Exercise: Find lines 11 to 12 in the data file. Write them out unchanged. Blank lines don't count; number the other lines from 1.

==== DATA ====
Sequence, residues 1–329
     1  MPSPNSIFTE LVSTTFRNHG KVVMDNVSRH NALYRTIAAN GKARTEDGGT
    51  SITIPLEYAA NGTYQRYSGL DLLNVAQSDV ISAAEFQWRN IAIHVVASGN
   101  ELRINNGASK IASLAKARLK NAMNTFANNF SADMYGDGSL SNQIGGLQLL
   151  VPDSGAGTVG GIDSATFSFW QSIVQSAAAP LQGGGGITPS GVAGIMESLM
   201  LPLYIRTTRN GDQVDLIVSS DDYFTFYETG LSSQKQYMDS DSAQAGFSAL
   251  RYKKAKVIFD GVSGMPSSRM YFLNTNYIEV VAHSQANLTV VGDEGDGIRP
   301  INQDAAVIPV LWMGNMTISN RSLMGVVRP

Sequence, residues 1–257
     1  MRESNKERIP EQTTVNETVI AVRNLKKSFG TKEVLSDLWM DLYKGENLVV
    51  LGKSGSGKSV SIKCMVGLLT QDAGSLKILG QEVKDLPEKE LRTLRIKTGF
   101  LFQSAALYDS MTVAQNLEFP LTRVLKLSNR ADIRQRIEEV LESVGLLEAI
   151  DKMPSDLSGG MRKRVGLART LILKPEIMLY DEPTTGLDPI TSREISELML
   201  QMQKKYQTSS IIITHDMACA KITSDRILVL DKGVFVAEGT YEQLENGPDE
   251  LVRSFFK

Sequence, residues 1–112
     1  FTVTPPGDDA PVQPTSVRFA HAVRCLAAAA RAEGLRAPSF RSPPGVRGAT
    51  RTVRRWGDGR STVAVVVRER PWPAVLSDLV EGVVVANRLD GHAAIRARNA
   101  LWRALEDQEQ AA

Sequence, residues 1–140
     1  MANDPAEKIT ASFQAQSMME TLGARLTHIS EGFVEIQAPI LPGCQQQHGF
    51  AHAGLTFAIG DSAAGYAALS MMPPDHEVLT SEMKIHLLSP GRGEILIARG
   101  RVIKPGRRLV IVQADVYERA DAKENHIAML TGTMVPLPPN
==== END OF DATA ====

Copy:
    51  LGKSGSGKSV SIKCMVGLLT QDAGSLKILG QEVKDLPEKE LRTLRIKTGF
   101  LFQSAALYDS MTVAQNLEFP LTRVLKLSNR ADIRQRIEEV LESVGLLEAI